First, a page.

Who Make Better Bosses -- Women or Men?
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The Pew Research Center's latest survey on gender and leadership reveals that the public thinks women have more desirable leadership traits than men. The survey asked its respondents -- 2,250 adults -- to rate women and men on eight characteristics considered important in leadership. Women smashed men in five of the categories -- honesty, intelligence, compassion, outgoing personality, creativity -- and tied men in two: hard work and ambition. The only category in which men showed an edge was decisiveness.
Respondents also ranked women higher in job performance skills including working out compromises, keeping government honest, representing constituents' interests and standing up for their beliefs. The public also said women are better at dealing with social issues but not as good at dealing with crime/public safety or national security/defense.
Interestingly, the survey showed that even though respondents clearly favored women over men on the majority of leadership traits, when asked who make better leaders, 69 percent called it a draw. Twenty-one percent said men make better leaders; only 6 percent said women do.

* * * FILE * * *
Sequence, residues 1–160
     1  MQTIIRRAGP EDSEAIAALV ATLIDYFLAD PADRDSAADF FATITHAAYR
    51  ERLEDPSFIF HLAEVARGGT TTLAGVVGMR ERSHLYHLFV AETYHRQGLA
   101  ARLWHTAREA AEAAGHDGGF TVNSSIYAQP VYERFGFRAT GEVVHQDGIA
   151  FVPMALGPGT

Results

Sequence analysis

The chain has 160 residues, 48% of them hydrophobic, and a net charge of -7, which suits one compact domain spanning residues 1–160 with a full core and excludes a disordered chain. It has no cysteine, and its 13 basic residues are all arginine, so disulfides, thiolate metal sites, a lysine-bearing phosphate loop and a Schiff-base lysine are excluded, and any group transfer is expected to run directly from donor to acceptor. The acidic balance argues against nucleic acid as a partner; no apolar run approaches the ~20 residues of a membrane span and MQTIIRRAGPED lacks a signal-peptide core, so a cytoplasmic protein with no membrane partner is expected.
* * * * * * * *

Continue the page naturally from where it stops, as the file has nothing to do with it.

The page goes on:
Why the paradox in public perception? How can three categories -- "decisive" and good on crime and defense -- overshadow the long list of traits that women lead in, often by overwhelming margins.
"[W]omen emerge from this survey a bit like a sports team that racks up better statistics but still loses the game," write the report's authors.
To be sure, the fact that such a large majority of respondents (69 percent) say that women and men make equally good political leaders is itself a measure of the profound changes in women's role in society that have taken place over the past several decades.
Women make up 57 percent of all college students, about half of all law and medical school students, and more than four-in-ten students who earn masters degrees in business. They make up 46 percent of the total private sector workforce and 38 percent of all managers.
However, it's still lonely for women at the very highest rungs of the corporate and political ladder. Women are just 2 percent of the CEOs of the nation's Fortune 500 companies. In the political realm, they make up just 17 percent of all members of the U.S. House of Representatives; 16 percent of all U.S. senators; 16 percent of all governors; and 24 percent of all state legislators. Internationally, the U.S.ranks in the middle range -- 85th in the world -- in its share of women in the lower house of its national legislative body.
Read the survey's full results here.
Heather Gehlert is a managing editor at AlterNet.